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Kentucky Food Forest: Spicebush berries & Pawpaw fruit

Updated: Nov 14, 2020

Disponible en Español aqui

Rosemary Bauman of the Forest Stewards at the Beargrass Creek State Nature Preserve met with us to launch a new video series called Kentucky Food Forest! We started with Spicebush and Paw Paw, as these two are abundant in our local environment plus they are ripe and ready to eat this time of year. Also, they each have their own species of caterpillar/butterfly which is very exciting! Watch the first two installments of the series below:


During the Forest Steward's valiant efforts to combat the bush honeysuckle over the last few years, they realized that another plant would need to be chosen to replace that "layer" of the forest after the honeysuckle was removed. The spicebush was most likely chosen because not only is it a native shrub with colorful and edible berries that can be used in many different recipes, but that it also the sole food source of the Spicebush Swallowtail! Not to mention it's a great food source for many birds and other critters, and also with the berries being toxic to deer, Spicebush wouldn't likely be wiped out by the massive deer population in the nature preserve.

However, even though deer won't eat the berries, bucks love Spicebush for another reason. The Spicebush makes for the perfect surface for "girdling," or when a buck rubs their antlers on a tree. They do this to rub the velvet layer off of their antlers, to mark their territory, as well practice sparring. Not only is Spicebush the perfect height and width that can simulate another buck's antlers, but it's also extremely aromatic and leaves them smelling great; almost like a DIY deer cologne.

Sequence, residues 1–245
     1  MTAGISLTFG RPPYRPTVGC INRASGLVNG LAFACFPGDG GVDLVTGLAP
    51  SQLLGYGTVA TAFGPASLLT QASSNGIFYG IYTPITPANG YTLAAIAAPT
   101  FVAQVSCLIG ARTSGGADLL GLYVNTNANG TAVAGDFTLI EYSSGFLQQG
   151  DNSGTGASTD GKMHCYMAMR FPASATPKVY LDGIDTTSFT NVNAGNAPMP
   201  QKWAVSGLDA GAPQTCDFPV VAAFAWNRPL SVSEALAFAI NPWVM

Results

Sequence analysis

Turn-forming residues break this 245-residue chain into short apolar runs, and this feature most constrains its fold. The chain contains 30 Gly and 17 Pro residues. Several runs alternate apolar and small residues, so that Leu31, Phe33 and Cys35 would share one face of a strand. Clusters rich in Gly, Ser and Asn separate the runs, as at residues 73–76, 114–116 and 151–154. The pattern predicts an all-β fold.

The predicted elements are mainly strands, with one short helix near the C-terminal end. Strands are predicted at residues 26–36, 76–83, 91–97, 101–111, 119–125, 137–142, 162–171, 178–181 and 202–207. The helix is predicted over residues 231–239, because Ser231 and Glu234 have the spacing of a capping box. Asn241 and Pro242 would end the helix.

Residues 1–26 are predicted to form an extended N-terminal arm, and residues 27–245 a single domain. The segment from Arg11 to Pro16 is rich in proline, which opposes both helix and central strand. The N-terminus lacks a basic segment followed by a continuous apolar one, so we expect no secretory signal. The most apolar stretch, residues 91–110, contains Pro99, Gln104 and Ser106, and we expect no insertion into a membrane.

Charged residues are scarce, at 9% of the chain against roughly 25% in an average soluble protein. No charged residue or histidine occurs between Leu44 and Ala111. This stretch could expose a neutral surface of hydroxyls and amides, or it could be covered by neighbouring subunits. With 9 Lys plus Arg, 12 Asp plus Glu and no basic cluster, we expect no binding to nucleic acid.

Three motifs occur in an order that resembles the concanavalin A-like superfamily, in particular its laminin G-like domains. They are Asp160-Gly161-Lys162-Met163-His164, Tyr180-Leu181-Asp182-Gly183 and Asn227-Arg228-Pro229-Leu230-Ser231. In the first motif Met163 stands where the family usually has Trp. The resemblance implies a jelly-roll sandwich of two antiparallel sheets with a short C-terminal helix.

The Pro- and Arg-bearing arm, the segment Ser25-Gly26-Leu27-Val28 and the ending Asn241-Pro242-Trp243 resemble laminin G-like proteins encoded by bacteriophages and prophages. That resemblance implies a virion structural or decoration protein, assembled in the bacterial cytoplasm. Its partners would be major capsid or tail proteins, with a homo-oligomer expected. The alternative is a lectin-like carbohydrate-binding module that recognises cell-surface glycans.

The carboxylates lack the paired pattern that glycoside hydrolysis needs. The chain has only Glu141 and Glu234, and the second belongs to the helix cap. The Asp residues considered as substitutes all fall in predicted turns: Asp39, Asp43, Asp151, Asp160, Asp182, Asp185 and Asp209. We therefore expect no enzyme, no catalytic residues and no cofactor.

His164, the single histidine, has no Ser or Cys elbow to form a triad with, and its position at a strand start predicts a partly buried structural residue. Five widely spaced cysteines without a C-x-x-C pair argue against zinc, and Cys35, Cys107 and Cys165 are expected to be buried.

While the berries of the Spicebush may not taste too great by themselves, they can be incorporated in many different kinds of recipes including cakes, pies, bread, and even ice cream! It also makes a great substitute for spices such as cinnamon and nutmeg. You can easily forage the berries and either refrigerate them, or you can dry them which concentrates the flavor before you experiment with new recipes.

Also, just one more interesting fact about this plant is that one of the first Pokemon to be designed was based off the Spicebush Swallowtail caterpillar; you may be familiar with Caterpie! The resemblance is uncanny.

The paw paw has been a favorite of Beargrass Thunder for a while; we have been eagerly waiting for these to become ripe all year! Paw paw fruits are known to be a type of delicacy around these parts. The fruit is only ripe during a period of about three weeks out of the whole year. It is most commonly eaten raw but can also be substituted in many banana-based recipes as well as blended into ice cream or even pancake batter!

The fruit itself is often described as a mango, banana, and pineapple mixed together. It was a skin-like peel, and the delicious fruit inside is very sweet and has a consistency similar to custard. Needless to say, it is very delicious!

Not only is the fruit of the Paw Paw amazing, but like the Spicebush, the Paw Paw also has its own special species of caterpillar/butterfly called the Zebra Swallowtail, who's caterpillar depends on the Paw Paw tree as it's food source!

Both of these plants would be a great choice to consider planting on your property, as they are both native to the area, and also the sole food source for their respective species of caterpillar and butterflies! If you are interested in how to acquire Spicebush or Paw Paw, please reach out and contact us, as we may be able to help!


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